Ceremonial launch for city's central park ; Unity Plaza envisioned as drawing card for downtown
Florida Times Union, 2014-03-31
Imagine an amphitheater surrounded by a perfect circle of water ringed by palm trees planted right at the doorstep of Jacksonville's downtown. There's a seven-story apartment complex and 18,000 square feet of retail space.
Think about what it could do to jump-start a sluggish downtown.
Alex Coley has. He started planning 220 Riverside about 10 years ago. It's an ambitious plan that combines residential multifamily housing with retail space and a community area.
One of two founders behind the development company NAI Hallmark Partners , Coley was one of the speakers at the groundbreaking for Unity Plaza Sunday night.
There will be kiosks around the man-made pond, and there are also plans for mini libraries where people can pick up a book and read in the shade, he said. The half park, half amphitheater has a capacity for 2,000 people.
Coley sees Unity Plaza as connecting downtown to the neighborhoods that surround it.
"The notion is it's a place where we can kick off our shoes and all be comfortable to recognize one another and coalesce as a community in a way that we have never been able to do in the past," he said.
Mayor Alvin Brown also spoke at the groundbreaking. He's been a champion of the project and said he's excited to see it progress.
"What is happening here is a team effort and it shows what can happen when the public and private sectors work together," Brown said.
The city in December provided about $2.6 million in funds for construction of Unity Plaza . Total construction cost of the 220 Riverside project is more than $30 million .
Brown said the private sector "is the engine" driving the project, but the city's role allows private industry to leverage public funds to give the taxpayer the best return on investment.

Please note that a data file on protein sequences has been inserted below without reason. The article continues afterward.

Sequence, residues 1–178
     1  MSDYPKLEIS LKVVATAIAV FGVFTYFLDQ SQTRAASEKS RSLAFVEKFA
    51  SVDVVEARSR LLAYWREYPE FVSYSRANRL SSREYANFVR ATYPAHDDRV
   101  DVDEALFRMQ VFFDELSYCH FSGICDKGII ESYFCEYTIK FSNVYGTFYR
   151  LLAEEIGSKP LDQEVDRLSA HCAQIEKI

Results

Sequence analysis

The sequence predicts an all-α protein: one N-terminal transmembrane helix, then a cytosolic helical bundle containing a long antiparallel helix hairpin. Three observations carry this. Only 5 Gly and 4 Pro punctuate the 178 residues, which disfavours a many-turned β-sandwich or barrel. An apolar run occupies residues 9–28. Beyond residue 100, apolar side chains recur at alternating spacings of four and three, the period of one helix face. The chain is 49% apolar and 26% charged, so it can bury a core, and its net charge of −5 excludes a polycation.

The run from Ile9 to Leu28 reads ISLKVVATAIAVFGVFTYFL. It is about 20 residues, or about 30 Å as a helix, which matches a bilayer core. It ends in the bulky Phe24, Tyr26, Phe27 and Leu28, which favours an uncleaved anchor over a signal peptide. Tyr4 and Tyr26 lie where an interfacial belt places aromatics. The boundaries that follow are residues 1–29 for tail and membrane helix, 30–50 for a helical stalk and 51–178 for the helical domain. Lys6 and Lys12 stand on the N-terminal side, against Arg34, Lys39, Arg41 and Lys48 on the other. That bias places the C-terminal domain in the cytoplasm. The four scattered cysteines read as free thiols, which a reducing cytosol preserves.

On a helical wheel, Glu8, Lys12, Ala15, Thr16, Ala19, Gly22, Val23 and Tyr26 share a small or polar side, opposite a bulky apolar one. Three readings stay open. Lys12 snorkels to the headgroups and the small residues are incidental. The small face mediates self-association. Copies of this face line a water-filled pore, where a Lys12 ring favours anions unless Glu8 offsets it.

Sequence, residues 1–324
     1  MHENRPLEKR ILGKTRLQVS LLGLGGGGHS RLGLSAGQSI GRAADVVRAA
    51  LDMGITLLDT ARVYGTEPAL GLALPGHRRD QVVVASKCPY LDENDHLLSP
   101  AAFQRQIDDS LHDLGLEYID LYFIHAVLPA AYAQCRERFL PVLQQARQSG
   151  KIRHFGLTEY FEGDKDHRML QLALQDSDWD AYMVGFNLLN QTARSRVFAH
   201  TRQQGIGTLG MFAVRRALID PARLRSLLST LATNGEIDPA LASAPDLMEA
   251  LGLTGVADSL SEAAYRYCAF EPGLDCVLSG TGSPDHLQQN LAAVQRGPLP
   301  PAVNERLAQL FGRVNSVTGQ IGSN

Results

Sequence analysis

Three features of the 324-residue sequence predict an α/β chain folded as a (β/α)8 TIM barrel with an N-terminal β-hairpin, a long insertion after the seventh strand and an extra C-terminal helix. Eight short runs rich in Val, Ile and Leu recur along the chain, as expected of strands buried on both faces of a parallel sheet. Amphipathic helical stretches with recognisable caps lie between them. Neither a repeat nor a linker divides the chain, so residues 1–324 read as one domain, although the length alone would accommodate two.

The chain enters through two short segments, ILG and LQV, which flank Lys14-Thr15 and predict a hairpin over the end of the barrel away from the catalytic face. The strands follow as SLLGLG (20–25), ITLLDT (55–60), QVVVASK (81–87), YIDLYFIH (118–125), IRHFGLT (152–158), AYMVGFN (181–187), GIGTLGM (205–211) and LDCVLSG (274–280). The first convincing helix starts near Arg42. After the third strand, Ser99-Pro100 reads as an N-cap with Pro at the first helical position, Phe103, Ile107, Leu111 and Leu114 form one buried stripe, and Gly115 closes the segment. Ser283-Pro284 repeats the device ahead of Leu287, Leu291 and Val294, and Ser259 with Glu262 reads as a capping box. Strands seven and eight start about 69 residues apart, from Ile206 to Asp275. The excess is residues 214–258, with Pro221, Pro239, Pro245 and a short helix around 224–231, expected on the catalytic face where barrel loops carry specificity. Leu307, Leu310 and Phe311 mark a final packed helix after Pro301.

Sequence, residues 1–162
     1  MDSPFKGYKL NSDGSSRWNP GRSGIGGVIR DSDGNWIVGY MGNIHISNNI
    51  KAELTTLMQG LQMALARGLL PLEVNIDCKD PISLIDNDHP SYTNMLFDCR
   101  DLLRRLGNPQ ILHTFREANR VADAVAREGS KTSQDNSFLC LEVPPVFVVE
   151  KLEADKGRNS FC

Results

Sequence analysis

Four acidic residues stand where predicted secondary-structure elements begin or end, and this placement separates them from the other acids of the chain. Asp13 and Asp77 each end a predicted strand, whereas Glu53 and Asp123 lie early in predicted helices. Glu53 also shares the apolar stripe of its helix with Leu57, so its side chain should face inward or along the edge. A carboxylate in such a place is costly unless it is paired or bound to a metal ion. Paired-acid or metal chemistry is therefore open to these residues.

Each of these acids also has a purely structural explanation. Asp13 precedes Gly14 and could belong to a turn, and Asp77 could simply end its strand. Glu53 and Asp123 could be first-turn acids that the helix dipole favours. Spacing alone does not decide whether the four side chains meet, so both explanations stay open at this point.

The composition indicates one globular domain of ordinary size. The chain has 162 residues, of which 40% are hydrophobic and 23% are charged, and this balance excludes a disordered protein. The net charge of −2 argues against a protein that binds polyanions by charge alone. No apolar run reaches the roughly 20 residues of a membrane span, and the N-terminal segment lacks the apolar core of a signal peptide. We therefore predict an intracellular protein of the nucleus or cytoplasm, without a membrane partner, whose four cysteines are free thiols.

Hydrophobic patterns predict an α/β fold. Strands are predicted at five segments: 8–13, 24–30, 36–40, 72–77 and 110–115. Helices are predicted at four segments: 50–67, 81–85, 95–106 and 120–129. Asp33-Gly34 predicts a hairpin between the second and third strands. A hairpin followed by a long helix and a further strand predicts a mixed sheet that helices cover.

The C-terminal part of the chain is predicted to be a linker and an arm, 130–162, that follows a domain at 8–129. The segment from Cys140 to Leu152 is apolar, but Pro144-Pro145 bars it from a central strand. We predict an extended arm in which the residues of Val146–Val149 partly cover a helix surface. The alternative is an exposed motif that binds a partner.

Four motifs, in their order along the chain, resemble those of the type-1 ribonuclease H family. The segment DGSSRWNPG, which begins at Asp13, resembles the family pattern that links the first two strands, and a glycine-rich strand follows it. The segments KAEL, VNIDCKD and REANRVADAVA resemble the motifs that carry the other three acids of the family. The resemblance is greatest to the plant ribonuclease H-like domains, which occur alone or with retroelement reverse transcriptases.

City Council President Bill Gulliford said the project is exactly what downtown needs. He talked about a Chamber of Commerce leadership trip to Charlotte, N.C. , where there are similar residential and retail developments.
Guilliford said there are about 15,000 people living in Charlotte's downtown area. He said he would be surprised to learn if there were 5,000 people living in Jacksonville's downtown.
Guilliford said the project could be the spark that ignites further development and brings more people downtown.
"That's what we saw in Charlotte ," he said. "This type of project attracts young people."
Coley said that's exactly the type of person 220 Riverside hopes to attract. He said Jacksonville is the second fastest-growing metropolitan area for technology service jobs.
He said in the last decade 90,000 in that group have moved to Jacksonville , many of them young people seeking entertainment and culture.
"They already live here and they demand this kind of facility, this kind of oasis, this kind of community gathering place," he said. "They are looking for a fun, active environment to live, work and play." Derek Gilliam : (904) 359-4619